Rosary maker uses creative skills to evangelize in her golden years

Great-grandmother, about to turn 90, plans to keep at it

By Jill Kruse-Domeyer
Witness Editorial Assistant

FORT ATKINSON — Eighty-nine-year-old Therese Schmitt of Fort Atkinson knows precisely how much time it takes her to make a single rosary. “If I really go at it hard, and stay with it, 13 minutes,” she recently told The Witness. “And if I kind of putz with it a little bit, then 15.”

Schmitt has spent a great deal of time during her retirement years making rosaries. She and her late husband, Roman, had farmed together, “but then we moved to town,” Schmitt said, “and I started making rosaries.”

It was her sister who taught her the craft of rosary making. Schmitt makes what she calls “mission rosaries,” rosaries made of cord or string; she likes to create them in a variety of colors.

After she has made her rosaries, Schmitt gives them away. She donates many of the rosaries she makes to her parish, St. John Nepomucene in Fort Atkinson, to be placed in the church, available to anyone who might have a use for them.

“I just had Father bless a bunch of them,” Schmitt said. “And I look at the back of the church, and if they need more rosaries, I just add more rosaries, and people pick them up as they need them, and then they can keep them.”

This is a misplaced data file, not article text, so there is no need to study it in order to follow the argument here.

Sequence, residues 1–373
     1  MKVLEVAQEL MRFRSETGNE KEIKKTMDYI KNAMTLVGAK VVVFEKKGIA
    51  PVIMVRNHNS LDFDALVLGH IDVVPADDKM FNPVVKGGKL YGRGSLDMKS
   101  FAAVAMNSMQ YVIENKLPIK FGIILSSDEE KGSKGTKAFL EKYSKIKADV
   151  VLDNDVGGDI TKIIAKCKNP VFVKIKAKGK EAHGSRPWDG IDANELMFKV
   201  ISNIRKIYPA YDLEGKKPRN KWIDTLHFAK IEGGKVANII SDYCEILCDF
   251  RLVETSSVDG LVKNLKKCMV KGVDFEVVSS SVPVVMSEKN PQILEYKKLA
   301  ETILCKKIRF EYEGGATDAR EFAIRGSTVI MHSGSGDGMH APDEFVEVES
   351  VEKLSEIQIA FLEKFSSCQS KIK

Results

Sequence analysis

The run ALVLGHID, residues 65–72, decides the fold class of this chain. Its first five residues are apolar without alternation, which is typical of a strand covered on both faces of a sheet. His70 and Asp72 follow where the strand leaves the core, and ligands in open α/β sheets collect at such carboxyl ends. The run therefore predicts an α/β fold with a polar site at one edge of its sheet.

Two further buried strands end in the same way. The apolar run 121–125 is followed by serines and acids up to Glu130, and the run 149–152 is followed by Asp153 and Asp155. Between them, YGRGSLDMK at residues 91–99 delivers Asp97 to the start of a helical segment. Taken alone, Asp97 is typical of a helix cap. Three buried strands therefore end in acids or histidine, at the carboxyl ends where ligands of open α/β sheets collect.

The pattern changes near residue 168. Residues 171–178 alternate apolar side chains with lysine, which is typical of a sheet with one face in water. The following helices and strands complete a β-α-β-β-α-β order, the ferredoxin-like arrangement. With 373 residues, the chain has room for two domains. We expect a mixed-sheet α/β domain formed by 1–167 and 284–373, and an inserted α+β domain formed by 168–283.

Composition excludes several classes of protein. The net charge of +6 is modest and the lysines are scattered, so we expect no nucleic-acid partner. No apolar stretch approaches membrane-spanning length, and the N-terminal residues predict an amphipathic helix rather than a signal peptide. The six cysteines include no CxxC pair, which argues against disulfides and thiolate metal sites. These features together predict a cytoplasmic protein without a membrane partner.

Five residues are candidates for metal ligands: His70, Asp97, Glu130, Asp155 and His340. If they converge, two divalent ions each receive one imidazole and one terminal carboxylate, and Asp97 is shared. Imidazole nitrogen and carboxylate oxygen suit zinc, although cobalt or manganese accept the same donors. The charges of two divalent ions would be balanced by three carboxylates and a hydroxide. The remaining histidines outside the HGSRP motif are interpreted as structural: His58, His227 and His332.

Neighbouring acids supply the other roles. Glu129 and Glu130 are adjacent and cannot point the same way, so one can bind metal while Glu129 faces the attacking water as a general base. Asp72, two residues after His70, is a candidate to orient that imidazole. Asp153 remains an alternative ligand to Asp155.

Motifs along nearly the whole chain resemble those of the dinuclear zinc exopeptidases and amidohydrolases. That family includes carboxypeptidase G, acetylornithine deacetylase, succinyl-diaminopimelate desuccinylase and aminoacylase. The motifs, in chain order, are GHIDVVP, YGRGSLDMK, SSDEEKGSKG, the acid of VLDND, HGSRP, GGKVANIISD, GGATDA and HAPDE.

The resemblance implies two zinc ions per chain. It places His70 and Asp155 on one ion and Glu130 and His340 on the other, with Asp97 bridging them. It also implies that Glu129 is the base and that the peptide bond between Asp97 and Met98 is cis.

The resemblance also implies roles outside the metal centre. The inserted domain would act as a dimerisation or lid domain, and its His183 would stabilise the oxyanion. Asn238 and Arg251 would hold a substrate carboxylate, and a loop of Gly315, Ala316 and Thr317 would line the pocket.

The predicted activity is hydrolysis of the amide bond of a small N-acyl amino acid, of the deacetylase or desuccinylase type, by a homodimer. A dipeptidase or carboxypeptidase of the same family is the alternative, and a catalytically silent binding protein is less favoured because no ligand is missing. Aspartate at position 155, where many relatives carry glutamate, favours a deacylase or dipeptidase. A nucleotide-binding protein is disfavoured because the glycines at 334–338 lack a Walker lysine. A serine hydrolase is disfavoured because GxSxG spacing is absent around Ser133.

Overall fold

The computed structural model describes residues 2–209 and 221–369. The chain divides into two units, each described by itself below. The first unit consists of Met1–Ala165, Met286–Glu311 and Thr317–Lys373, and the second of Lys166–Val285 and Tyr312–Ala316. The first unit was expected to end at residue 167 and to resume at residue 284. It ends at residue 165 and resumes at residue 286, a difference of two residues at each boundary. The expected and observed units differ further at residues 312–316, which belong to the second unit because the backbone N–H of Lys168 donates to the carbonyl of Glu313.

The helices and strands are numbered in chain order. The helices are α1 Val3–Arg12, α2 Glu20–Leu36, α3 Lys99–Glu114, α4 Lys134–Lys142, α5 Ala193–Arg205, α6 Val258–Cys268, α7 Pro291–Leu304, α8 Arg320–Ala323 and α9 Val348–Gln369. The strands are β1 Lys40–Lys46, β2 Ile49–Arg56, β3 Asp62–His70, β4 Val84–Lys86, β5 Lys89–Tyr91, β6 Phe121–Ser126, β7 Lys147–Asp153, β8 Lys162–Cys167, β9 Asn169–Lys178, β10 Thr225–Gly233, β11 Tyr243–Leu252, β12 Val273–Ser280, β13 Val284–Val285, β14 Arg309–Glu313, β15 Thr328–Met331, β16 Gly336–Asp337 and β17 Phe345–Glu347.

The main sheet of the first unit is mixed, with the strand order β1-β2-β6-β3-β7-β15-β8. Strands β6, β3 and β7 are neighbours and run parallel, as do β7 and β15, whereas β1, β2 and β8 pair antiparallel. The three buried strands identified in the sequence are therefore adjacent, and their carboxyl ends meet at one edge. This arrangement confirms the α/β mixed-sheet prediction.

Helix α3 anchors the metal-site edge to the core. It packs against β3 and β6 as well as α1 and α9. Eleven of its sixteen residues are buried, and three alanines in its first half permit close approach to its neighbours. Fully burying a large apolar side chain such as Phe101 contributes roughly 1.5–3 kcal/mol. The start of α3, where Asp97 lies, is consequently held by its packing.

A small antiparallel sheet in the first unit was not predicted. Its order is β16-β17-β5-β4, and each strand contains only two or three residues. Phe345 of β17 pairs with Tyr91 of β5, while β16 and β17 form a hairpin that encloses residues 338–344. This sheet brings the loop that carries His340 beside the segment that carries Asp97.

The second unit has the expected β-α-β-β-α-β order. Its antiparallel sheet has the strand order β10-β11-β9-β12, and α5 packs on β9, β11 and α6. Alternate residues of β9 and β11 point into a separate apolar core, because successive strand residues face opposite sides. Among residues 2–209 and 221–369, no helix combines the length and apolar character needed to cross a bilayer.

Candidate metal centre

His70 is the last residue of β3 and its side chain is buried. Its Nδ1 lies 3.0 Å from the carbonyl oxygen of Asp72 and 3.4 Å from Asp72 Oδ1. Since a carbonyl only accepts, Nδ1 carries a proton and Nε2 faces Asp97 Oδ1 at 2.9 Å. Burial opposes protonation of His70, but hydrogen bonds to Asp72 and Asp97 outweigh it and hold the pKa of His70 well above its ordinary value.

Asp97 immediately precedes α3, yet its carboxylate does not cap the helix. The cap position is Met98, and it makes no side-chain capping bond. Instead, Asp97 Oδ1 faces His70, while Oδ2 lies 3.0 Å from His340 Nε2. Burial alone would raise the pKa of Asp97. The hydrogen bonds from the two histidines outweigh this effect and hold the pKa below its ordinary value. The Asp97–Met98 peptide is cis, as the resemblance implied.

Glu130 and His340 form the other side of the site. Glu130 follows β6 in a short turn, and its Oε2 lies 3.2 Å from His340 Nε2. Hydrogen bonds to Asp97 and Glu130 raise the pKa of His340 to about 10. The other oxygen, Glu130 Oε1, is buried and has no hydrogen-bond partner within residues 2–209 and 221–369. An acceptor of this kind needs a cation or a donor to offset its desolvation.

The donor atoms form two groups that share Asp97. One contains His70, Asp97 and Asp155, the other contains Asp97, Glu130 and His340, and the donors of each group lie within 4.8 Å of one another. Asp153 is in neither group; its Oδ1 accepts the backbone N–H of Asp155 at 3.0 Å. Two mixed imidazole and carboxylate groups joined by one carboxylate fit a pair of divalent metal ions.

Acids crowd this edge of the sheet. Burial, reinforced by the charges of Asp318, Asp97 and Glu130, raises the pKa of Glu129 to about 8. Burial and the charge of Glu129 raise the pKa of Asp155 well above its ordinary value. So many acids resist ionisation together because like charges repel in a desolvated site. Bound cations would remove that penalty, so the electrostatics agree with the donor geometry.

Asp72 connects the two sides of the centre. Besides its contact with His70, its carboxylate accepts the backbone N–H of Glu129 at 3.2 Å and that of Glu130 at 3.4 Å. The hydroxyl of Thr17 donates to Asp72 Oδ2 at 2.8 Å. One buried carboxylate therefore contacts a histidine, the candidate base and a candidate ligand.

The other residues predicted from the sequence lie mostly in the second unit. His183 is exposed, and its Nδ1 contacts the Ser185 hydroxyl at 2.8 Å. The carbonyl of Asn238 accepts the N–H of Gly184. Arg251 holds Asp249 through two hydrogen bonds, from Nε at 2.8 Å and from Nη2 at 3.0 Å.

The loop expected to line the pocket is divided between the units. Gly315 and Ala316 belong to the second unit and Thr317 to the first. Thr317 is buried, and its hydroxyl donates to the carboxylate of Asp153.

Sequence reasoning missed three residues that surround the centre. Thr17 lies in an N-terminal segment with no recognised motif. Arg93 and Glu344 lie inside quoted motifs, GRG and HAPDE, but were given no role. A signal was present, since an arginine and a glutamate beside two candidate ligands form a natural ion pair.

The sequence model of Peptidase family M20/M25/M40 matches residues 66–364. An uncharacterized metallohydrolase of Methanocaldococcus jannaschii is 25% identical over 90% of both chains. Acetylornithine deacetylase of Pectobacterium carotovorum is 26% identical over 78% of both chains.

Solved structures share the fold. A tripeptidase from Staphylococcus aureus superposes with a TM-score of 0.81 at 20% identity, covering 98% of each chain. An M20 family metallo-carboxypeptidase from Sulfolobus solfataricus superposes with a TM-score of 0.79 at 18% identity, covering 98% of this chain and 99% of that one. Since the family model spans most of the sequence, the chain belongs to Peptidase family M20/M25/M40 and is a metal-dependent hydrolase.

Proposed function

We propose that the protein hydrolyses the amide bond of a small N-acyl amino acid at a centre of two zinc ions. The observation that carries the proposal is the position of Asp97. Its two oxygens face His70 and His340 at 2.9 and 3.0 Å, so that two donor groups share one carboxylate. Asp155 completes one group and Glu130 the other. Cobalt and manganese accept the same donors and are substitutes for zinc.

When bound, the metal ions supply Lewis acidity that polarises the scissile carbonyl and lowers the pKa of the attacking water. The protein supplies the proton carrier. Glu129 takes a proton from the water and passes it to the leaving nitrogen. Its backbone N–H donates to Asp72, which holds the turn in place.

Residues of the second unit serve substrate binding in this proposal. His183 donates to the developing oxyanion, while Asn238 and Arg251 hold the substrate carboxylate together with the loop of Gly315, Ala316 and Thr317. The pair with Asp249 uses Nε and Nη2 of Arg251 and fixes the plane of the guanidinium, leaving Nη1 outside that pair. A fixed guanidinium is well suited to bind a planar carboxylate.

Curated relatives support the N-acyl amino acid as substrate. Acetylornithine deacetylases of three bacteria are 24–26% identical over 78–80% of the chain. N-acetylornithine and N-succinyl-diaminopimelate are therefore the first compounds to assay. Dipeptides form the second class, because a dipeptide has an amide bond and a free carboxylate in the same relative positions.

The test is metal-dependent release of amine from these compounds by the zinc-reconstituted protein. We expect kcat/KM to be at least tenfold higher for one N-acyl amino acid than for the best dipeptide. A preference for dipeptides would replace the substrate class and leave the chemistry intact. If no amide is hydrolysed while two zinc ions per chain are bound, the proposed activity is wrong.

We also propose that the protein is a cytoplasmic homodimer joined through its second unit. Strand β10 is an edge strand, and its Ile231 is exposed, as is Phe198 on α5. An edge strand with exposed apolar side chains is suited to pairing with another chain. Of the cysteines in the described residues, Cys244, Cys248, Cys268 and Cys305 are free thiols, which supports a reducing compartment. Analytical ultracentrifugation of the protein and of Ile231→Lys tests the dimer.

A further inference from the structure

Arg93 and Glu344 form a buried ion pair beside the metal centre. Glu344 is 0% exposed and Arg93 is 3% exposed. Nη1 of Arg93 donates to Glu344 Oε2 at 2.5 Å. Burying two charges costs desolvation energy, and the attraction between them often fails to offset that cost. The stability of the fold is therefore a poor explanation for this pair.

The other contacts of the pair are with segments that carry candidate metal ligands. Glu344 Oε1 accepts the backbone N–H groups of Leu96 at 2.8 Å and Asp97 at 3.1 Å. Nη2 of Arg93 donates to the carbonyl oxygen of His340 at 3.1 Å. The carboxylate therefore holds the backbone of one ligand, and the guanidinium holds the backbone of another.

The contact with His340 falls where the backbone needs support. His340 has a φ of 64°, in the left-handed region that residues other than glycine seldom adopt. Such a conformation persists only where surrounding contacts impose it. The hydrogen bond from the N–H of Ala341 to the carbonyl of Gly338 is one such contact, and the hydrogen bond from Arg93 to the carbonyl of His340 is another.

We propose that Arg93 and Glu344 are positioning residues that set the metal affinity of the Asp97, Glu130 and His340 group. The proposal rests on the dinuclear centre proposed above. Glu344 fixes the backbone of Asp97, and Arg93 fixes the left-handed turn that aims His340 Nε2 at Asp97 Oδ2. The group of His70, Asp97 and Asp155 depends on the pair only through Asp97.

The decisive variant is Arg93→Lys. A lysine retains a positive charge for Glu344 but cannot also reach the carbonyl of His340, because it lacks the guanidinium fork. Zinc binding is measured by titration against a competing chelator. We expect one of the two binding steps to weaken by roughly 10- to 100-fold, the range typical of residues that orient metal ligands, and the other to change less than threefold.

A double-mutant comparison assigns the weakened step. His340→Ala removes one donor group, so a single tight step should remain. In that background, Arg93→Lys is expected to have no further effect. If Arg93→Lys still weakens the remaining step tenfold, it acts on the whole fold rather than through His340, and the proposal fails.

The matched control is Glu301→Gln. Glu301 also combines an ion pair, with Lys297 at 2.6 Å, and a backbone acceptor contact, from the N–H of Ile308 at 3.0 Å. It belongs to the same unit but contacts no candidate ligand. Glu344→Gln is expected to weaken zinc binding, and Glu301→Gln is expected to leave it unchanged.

She also gives her rosaries to neighboring parishes for people to pick up at those churches as well.

Schmitt has 43 grandchildren and 29 great-grandchildren, with two more on the way. She occasionally gives the rosaries she has made to some of those younger members of the family to have them bring them to the colleges they attend.

Schmitt, the daughter of a WWI veteran and Purple Heart recipient, also once made rosaries to be delivered to a military facility.

She said she doesn’t know how many rosaries she has made through the years, but she remembers making as many as a thousand rosaries for one convention alone.

Schmitt, the mother of 11 children, said the rosary has always been an important part of her family’s faith life. “It was always in our family to pray the rosary together. We would do it together when the kids were growing up,” she said. “We also prayed the rosary in the family I grew up in.”

She hopes the rosaries she makes are helpful to those who take them. “I hope that they use them,” she said. “They’re so simple. They don’t break. They can have them in their pockets. With their blessed rosary, they have something blessed on them that way all the time.”

As she prepares to turn 90 later this month, Schmitt has no plans to stop her rosary making any time soon. “It is something I can do when I’m retired,” she said. “I feel it is worthwhile.”

 

Therese Schmitt of Ft. Atkinson, a great-grandmother, is shown with some of the thousands of rosaries she has made. (Contributed photo)